In the gloom of a pandemic, some New Brunswickers turn Christmas lights on early

·2 min read

Some New Brunswickers are turning on their Christmas lights a little early to help lift spirits as a dreadful year draws near the end.

It looks like Christmas Eve is only hours away in some neighbourhoods on Fredericton's north side.

The summer-like temperatures this month have something to do with the early decorations, but the choice to turn them on this far from Christmas is to lift spirits as the COVID-19 pandemic drags on.

"This year it was a little more important to have it out and lit up a little more right away," said Nick Downie, who lives on Downing Street. "It's been a rough year."

Gary Moore/CBC
Gary Moore/CBC

Downie's house is an annual favourite in the Marysville neighbourhood. With giant inflatable lawn decorations, and about 2,000 flashing lights, the house grabs a lot of jolly attention.

Downie typically decorates his house in mid-November and is usually one of the first to turn on the lights.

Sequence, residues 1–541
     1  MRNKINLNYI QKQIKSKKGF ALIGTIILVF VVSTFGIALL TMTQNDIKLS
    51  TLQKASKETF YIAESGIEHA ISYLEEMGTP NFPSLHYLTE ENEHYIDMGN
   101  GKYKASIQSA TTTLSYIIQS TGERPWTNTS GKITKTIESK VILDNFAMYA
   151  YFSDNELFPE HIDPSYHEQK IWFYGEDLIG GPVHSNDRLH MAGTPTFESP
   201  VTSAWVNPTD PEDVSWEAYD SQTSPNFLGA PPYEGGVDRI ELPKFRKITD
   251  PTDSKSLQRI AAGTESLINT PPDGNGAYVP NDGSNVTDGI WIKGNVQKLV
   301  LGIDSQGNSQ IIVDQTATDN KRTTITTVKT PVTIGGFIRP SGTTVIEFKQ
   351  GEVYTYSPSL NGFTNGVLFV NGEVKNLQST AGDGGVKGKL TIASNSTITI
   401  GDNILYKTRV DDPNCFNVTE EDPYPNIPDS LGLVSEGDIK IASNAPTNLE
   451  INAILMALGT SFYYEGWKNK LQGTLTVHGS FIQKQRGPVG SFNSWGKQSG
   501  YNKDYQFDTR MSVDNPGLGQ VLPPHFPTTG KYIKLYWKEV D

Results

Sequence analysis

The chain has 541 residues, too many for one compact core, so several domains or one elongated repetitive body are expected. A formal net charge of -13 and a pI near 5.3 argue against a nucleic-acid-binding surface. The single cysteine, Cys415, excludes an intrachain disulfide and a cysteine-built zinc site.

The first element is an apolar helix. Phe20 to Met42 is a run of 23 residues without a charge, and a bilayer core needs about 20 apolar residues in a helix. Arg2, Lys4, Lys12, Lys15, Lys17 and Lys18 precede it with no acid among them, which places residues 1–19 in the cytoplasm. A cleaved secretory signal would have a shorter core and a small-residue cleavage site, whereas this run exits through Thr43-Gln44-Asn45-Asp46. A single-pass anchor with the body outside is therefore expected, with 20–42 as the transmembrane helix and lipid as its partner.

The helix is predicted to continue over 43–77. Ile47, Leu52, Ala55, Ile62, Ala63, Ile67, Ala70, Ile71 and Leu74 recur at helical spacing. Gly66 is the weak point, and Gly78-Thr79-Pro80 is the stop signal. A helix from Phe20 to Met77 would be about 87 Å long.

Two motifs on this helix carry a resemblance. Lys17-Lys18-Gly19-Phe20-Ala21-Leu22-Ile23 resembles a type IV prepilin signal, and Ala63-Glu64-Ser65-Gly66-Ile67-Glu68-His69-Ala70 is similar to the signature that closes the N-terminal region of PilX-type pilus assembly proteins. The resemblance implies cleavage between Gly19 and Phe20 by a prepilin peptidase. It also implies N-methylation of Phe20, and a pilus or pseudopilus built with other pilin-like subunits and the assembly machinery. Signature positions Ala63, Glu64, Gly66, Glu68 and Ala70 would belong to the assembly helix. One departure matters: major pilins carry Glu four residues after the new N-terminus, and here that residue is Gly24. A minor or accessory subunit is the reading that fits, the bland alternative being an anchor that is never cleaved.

This year he's not alone. Downie said his neighbours have turned on their lights already this year, too.

"It is early for a lot of the houses on this street," he said.

He said he doesn't know if the pandemic had anything to do with other houses lighting up early, but he hopes it did.

"It's been really nice to see," said Downie, a school bus driver.

He said it is usually dark when he starts out in the morning "and anytime you pass houses with lights on, it's always nice to see."

Gary Moore/CBC
Gary Moore/CBC

Andy McMullen's property on Gibson Street is another standout.

A large inflatable Christmas dragon is perched on the front lawn, tucked behind several large trees wrapped in lights. There is a clothesline decorated with candy canes that light up.

It's become a tradition for the McMullens to get their house decorated early before the weather turns cold. Over the years, the family has turned the lights on earlier and earlier.

But, like Downie, McMullen said it just felt right to turn the lights on this year.

Gary Moore/CBC
Gary Moore/CBC

"Especially with the current state of things — hoping to bring some joy to people," said McMullen.

He said the family turned on the Christmas lights in the spring to help lift spirits when the pandemic started, so they thought it was fitting to turn them on after Remembrance Day.

"It's getting darker out so it's nice to come home and see the lights all lit up," he said. "The kids really enjoy it."

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